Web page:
• Choose an executor: This is the person who will be responsible for making sure your wishes are carried out. This should be someone you trust and who is organized. It doesn’t need to be the person closest to you. You’re essentially “hiring” someone to do a job, so pick the best candidate, not your best friend.
  • Name your beneficiaries: These are the people that will get your assets, otherwise known as the beneficiary designation.
  • Name a guardian for your children: If you have kids, your will lets you provide for their future in myriad ways, not the least of which is picking the person or persons who will raise them in your absence should their other parent be unable to continue or assume guardianship.
  • Pick witnesses: To make your last will and testament legit, you need witnesses to your signature. It’s their job to testify that you were of sound mind and body and under no undue influence when you created the document. How many witnesses you need varies by state.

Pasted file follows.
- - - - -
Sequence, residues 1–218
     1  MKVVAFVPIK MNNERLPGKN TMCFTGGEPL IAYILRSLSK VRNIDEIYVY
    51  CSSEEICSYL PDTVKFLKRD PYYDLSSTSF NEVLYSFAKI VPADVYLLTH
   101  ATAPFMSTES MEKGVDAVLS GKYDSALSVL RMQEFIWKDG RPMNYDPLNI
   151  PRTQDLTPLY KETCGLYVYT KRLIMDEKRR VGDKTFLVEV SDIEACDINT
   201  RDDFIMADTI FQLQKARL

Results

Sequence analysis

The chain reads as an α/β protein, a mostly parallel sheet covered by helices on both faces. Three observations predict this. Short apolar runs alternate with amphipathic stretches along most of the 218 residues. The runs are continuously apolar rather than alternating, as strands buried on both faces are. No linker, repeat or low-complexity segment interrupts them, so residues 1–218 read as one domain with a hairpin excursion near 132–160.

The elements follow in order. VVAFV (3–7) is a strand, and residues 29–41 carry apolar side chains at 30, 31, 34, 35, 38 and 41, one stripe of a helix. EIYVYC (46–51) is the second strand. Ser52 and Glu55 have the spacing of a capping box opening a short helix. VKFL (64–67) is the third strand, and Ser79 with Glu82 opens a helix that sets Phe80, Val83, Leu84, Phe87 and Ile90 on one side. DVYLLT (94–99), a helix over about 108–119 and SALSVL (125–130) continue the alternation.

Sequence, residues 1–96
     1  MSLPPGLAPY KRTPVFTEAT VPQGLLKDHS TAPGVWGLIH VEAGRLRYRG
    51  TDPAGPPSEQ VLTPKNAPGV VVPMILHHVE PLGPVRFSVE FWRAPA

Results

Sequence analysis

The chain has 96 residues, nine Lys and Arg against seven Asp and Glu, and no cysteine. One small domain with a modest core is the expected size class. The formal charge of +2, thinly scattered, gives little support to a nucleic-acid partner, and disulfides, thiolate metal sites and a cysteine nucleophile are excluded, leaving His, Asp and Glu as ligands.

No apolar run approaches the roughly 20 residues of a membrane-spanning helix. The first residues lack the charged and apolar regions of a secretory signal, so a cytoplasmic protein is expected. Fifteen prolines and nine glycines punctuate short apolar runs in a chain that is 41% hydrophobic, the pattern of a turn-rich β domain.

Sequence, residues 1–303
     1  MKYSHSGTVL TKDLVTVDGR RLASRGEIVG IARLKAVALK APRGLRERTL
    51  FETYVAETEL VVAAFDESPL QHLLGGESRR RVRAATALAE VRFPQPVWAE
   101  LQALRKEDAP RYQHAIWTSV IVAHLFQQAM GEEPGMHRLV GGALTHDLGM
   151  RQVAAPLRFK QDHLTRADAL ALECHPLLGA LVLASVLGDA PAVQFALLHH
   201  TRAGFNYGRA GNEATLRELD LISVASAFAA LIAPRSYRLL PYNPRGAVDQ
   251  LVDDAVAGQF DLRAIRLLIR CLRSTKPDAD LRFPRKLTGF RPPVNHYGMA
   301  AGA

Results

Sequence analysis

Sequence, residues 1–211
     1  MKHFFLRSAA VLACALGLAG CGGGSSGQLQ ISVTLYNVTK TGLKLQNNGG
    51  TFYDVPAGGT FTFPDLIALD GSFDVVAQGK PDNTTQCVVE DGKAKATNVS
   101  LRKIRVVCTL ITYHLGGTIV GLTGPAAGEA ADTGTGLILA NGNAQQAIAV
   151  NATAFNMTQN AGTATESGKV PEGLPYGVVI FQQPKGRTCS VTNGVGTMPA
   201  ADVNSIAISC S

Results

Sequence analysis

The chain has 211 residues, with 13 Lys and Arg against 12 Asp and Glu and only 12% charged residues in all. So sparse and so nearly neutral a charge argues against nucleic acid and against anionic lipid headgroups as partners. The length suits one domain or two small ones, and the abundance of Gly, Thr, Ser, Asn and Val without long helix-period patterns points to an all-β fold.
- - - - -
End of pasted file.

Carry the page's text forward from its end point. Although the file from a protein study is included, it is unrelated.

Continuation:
• Gather information about your assets: The items that you’re bestowing upon a spouse, friends, and family need to be described in your will; the more specific those descriptions, the better. If you’re leaving a vehicle to someone, for example, you’ll want to note the make, model, year, and VIN. If you’re leaving jewelry to specific beneficiaries, clearly describe each piece. Your thoroughness with each specific gift can eliminate the potential for confusion and misinterpretation.

How to fill out a Last Will and Testament with PDFSimpli in five steps?

  • 1. Preparation: